Penny and Her Marble

Penny and Her Marble

2014 Geisel Honor Award

The lovely, imaginative, curious mouse, Penny, is out walking her babydoll Rose through forests and up and down the fantastic pathways of her mind when she spots a beautiful, blue marble in Mrs. Goodwin's front yard.  Penny is absolutely certain that this marble cannot belong to Mrs. Goodwin.  She picks it up and holds it in amazement.  What a beautiful marble.

So, the marble goes home to live at Penny's house and unfortunately it brings with it a little tickle.  It's a tickle of worry and it starts to grow in Penny.  Should she really keep the marble?

Everyone will recognize that itchy feeling that starts to get bigger and bigger when you really know you have made the wrong choice.  What will Penny do now?

978-0-06-208203-9   48 pages  Ages 5-8

Recommended by:  Barb

"It  is often determined that children under the age of eight cannot always
tell  right from wrong or tell reality from imagination. That is why age
eight is  referred to as 'the age of reason' for children to be able to be on
their own.  Therefore, many libraries will have a policy that children must
be eight to be  in the library without adult supervision."

"Lies  that life is black and white
Spoke  from my skull, I dreamed"
--  Bob Dylan, "My Back Pages"

"After  Mama and Papa left her room, Penny looked at the marble. It was
still so blue  and so smooth and so shiny. Penny put the marble back in her
"She  kept thinking about the marble.
"When  Penny did fall asleep, she dreamed. She dreamed that Mrs. Goodwin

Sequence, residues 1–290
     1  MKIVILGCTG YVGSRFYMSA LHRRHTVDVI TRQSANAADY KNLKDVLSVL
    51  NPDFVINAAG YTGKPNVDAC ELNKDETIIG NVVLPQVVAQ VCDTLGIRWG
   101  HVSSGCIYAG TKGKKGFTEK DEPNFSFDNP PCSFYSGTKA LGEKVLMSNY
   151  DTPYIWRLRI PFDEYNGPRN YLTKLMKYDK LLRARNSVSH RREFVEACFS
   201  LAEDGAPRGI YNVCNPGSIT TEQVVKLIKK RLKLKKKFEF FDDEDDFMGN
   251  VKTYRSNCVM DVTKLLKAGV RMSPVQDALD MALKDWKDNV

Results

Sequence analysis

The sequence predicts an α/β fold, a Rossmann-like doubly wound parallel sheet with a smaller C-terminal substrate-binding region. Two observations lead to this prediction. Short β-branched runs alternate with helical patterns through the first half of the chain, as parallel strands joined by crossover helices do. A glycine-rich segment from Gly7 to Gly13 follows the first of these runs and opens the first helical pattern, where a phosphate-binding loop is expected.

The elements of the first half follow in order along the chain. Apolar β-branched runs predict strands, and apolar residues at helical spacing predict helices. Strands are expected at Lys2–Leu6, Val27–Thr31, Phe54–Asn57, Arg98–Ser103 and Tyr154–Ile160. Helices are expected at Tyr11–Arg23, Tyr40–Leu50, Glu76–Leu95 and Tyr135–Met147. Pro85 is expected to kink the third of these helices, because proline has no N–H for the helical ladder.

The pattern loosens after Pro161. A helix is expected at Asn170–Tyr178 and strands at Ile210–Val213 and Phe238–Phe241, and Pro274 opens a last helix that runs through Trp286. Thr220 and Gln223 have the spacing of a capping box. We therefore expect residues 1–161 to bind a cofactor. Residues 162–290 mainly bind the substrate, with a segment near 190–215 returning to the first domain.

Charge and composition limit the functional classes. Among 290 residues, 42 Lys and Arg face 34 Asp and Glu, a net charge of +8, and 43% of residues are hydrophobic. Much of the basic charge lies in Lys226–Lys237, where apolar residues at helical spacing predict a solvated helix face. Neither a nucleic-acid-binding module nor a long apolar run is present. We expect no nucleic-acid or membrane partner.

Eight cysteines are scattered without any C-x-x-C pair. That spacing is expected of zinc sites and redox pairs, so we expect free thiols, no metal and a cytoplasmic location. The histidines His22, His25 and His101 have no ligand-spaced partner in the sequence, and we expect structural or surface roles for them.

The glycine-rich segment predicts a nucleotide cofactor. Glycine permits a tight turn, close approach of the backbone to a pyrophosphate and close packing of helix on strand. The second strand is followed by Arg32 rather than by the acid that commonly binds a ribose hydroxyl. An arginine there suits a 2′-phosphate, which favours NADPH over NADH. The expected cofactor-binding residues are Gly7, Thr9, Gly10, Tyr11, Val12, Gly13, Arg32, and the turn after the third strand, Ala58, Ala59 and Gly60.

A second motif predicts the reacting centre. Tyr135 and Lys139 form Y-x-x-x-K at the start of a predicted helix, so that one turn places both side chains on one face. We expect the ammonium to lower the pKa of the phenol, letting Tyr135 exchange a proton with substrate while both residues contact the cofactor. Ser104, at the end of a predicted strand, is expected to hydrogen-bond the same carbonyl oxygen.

was knocking  at the door, yelling 'Where is my marble?' Then Penny dreamed
that the marble  grew so big it broke her dresser to bits."

Penny  is uncharacteristically blue. Why? While she is out walking with her
doll Rose,  she spies a really groovy blue marble sitting on old Mrs.
Goodwin's front lawn.  Rationalizing her decision, and making sure that no one is
watching, she pockets  the blue marble. Now, upon reflection, she develops
increasing feelings of fear  and guilt and, after a tough night of dreaming,
she returns the marble back to  Mrs. Goodwin's lawn. The story ends well
because old Mrs. Goodwin wants her to have the marble after all.

PENNY  AND HER MARBLE is a book you need to have. Get it if you don't
already have  it.
That  aside, the real issue for me is how we present this story to our
students,  patrons, and offspring. Is it our desire to instill fear in children
so that they do the supposed "right thing" out of that learned sense of
fear no matter  what the circumstances? Do we want to stamp out any belief in
life's  occasionally offering fortuitous little treasures? My fear is that
well-meaning  adults will use this book as a tool for promoting a black and
white view of  stealing and other issues of morality.

Instead,  I would be talking to children about how, throughout their lives,
they will  repeatedly be approaching forks in the road where they need to
make choices  about what their heart tells them is right. We can and should
seek to teach our  children empathy and compassion for others, including the
child who has had something lost or stolen. I'm big on teaching them to put
themselves in the  place of others and to "Do unto others as you would have
others do unto you."  [Matthew 7:12]

But  I'm not one who wants to be involved in fostering fear and suspicion
in young  children. I prefer them learning to think for themselves and to
learn their own  hearts.

The  reality is that many of the forks in the road we encounter offer
multiple  choices, and that often none of them are simple or completely ideal or
fair. And  so I am less keen about presenting this book as "Penny learns
about not taking  things that don't belong to her," and more about it being
"Penny finds something  beautiful, takes it home, and eventually finds within
herself what the right  path is for her in the situation.  

Recommended by:  Richie  Partington, MLIS, Librarian, California USA
Richie's Picks _http://richiespicks.com_ (

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